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March 2012: Margaret Urban Walker

posted Feb 10, 2012, 10:47 AM by Peggy DesAutels   [ updated Feb 12, 2012, 9:47 AM ]
Margaret Urban Walker 
Marquette University

Margaret Urban Walker holds the Donald J. Schuenke Chair in Philosophy at Marquette University. Her research centers on ethics, including ethical theory, moral epistemology and moral psychology, feminist ethics, and questions of accountability and repair of moral relationships.

Her current research interests are in justice and repair following conflict, repression, and historical injustice. Her book Moral Repair: Reconstructing Moral Relations After Wrongdoing (Cambridge University Press, 2006) offers a framework for reviving the hope and trust on which moral relations depend through accountability, forgiveness, and amends. Her 2010 Aquinas Lecture at Marquette University, What is Reparative Justice? (Marquette University Press, 2010), presents the outlines of a conception of doing justice by reparations in response to violence and injustice. She continues to develop a theory of the moral foundations of reparations, the social and political conditions of moral accountability, and the role and importance of truth-telling in the wake of violence, oppression, or injustice. She has worked with the International Center for Transitional Justice on projects on gendered violence and reparations, and truth-telling in the context of political transitions after mass violence.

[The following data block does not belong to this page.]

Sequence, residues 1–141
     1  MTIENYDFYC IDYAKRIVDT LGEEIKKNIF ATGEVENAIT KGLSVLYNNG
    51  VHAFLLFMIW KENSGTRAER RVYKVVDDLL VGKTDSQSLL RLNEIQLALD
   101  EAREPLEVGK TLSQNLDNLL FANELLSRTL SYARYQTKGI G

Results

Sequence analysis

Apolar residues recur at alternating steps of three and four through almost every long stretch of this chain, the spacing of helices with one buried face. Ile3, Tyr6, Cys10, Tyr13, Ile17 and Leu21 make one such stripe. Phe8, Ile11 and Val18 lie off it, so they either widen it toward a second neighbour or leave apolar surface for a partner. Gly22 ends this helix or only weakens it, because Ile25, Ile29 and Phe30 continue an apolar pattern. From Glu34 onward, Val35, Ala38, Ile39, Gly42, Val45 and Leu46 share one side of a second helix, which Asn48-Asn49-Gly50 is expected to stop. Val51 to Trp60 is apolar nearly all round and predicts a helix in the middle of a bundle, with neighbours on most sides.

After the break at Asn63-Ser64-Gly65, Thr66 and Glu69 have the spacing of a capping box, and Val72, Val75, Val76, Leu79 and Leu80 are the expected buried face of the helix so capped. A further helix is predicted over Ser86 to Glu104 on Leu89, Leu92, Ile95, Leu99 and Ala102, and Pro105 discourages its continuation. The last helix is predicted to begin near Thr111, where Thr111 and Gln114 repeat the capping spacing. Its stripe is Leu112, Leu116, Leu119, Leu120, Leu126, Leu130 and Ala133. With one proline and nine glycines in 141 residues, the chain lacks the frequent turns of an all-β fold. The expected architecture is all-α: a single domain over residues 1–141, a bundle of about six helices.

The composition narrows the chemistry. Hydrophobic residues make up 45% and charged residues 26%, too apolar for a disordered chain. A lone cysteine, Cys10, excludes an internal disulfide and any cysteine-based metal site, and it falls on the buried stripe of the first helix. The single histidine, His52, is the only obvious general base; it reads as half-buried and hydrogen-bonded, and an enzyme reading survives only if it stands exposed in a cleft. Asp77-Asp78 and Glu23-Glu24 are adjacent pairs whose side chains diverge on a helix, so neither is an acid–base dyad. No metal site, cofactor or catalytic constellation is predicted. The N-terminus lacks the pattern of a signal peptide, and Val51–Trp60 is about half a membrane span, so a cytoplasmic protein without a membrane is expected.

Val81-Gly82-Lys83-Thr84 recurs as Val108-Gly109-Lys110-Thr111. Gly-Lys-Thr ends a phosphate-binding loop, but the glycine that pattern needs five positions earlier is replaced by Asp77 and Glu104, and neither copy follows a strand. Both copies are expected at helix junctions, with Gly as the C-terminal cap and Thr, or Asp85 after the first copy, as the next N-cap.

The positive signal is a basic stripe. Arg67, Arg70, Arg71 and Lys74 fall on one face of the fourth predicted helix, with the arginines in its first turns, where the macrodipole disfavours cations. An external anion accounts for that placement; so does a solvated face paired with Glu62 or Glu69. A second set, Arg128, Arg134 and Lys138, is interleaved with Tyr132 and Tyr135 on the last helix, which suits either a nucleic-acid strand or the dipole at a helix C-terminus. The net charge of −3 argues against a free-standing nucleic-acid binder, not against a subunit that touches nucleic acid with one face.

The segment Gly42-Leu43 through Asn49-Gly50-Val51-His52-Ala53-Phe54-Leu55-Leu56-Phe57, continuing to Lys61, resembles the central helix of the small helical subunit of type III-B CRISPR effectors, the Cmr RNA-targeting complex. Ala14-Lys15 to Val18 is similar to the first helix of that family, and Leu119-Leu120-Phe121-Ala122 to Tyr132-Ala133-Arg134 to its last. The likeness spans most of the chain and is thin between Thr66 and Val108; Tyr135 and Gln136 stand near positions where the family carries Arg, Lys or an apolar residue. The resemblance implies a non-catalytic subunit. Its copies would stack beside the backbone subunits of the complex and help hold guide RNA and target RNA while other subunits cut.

She was led to her work on moral repair by her earlier studies of the impact of social inequalities and oppression on the ways we understand morality, both in ethics and in everyday life. Her books Moral Understandings: A Feminist Study in Ethics, 2nd Edition (Oxford University Press, 2007) and Moral Contexts (Rowman and Littlefield, 2003) explore relations between social power, moral identities, and moral understandings. She defends the view that our moral understandings are always embedded in socially and historically specific practices of responsibility, but that these practices and understandings can be, and must be, critically assessed.